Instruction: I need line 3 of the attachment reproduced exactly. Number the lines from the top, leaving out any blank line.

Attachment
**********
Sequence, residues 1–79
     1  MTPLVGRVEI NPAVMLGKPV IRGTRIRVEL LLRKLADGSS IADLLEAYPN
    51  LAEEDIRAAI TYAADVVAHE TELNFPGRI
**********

    51  LAEEDIRAAI TYAADVVAHE TELNFPGRI